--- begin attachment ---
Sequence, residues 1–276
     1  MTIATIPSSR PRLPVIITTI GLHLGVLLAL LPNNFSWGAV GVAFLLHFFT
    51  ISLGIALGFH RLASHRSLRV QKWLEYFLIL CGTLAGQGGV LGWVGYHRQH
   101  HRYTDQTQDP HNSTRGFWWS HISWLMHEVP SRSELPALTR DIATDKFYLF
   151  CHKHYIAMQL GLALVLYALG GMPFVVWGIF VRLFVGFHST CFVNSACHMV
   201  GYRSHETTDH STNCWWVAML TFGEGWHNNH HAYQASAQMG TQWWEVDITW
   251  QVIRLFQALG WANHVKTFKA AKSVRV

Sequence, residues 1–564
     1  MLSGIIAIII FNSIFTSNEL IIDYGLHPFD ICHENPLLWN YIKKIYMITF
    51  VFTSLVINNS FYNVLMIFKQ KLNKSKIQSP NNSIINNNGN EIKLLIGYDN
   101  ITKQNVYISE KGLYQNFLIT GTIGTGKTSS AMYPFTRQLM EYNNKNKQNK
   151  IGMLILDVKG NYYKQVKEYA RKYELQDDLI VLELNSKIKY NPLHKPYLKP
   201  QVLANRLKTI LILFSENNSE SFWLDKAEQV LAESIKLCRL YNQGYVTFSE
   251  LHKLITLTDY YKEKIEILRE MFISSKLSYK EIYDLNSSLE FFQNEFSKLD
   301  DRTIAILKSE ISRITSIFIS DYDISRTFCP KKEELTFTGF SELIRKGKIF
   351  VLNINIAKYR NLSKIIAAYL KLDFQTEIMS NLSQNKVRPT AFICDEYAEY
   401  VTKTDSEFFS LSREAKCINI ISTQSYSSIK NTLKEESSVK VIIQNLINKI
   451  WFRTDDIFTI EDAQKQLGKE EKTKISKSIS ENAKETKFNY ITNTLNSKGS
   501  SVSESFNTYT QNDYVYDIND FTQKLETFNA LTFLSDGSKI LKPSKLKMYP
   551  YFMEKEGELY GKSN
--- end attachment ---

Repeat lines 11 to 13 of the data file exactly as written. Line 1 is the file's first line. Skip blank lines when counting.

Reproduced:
   101  ITKQNVYISE KGLYQNFLIT GTIGTGKTSS AMYPFTRQLM EYNNKNKQNK
   151  IGMLILDVKG NYYKQVKEYA RKYELQDDLI VLELNSKIKY NPLHKPYLKP
   201  QVLANRLKTI LILFSENNSE SFWLDKAEQV LAESIKLCRL YNQGYVTFSE